LONDON (Reuters) - If ever proof were needed of how deeply financial markets are interconnected and dependent on investors’ “sentiment”, look no further than the worldwide tremors set off by a 1 percent fall in China’s currency this week.
Free-floating currencies routinely fluctuate by greater amounts in a single day. Nevertheless, the yuan’s seemingly miniscule move is being blamed for everything from the crash in Chinese stocks to oil’s slide to a 12-year low to the worst start to the year on Wall Street since 2001. Few corners of the financial world have been untouched.
The yuan remains far from a free-floating currency, and is tightly controlled by the Chinese authorities, so the 1 percent fall against the dollar is significant. It’s the largest weekly drop since the People’s Bank of China’s mini-devaluation last August and the second biggest on record.
This week’s turmoil echoes the turbulence of last summer after the Chinese central bank staged the 2 percent devaluation on Aug. 11 in the midst of an emerging market and commodity rout. This culminated in Wall Street’s biggest one-day fall in four years on Aug. 24. China matters.
This GRAPHIC shows how currencies, stocks, commodities, bonds and some economic indicators have reacted to the yuan slippage since last August: reut.rs/1VMvXYf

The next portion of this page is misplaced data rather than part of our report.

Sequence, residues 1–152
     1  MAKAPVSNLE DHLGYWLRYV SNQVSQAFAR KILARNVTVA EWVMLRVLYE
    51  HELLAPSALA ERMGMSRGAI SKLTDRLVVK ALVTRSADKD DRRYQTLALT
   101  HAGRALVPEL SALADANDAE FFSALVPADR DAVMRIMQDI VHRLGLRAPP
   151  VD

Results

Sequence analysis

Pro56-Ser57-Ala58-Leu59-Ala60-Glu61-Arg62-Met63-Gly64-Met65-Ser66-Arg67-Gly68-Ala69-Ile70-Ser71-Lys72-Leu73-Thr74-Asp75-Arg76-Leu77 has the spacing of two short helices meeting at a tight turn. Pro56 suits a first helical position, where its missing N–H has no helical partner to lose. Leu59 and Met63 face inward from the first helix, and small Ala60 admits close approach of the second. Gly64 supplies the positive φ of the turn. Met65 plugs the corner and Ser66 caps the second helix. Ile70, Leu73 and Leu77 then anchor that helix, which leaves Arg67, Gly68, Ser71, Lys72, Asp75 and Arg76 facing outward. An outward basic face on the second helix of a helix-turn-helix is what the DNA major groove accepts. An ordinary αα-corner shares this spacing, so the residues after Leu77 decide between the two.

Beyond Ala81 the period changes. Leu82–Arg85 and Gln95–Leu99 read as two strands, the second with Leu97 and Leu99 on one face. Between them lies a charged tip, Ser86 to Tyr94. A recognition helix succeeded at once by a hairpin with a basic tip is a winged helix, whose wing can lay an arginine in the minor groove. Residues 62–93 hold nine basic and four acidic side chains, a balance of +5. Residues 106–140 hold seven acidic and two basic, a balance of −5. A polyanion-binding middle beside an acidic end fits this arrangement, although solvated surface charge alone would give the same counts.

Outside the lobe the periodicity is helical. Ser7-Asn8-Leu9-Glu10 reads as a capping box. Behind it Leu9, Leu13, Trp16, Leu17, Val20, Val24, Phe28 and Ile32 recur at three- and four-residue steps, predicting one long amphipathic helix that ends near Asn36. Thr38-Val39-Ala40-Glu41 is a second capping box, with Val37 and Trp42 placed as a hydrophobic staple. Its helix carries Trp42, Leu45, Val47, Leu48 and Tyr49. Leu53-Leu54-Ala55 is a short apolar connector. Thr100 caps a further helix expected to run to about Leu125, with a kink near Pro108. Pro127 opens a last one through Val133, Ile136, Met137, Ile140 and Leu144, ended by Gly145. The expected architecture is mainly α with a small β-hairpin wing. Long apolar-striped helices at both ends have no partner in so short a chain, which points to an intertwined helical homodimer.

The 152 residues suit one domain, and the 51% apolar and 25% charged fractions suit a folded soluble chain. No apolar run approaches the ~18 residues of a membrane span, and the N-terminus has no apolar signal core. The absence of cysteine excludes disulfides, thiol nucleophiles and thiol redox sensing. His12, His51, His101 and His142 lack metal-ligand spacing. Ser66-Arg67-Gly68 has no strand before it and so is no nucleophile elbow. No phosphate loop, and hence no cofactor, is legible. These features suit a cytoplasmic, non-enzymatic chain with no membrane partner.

The yuan moves suggest Beijing is trying to engineer a weaker currency to cushion the impact of slowing growth in its economy, a slowdown that many analysts believe is much more serious than official statistics indicate.
As the main driver of global economic growth over the past 15 years, a “hard landing” in China would be bad news for everyone.
The prospect of weakening demand from China has clobbered the price of oil, industrial metals, energy and resources. This means the budgets, exchange rates and economies of commodity exporting countries - mainly emerging markets - are suffering.
Falling emerging market demand slows trade and economic activity with the developed world. Together with falling commodities and EM exchange rates, it also creates a powerful global deflationary force that pushes down bond yields.
It’s a vicious circle, one that looks increasingly difficult to break out of until China’s economy roars back to life.
It’s also an increasingly difficult one for global policymakers to tackle given that many analysts say central banks and governments have used up all their ammunition fighting the global financial crisis and recession of 2007-09.
GRAPHIC by Vincent Flasseur; editing by David Stamp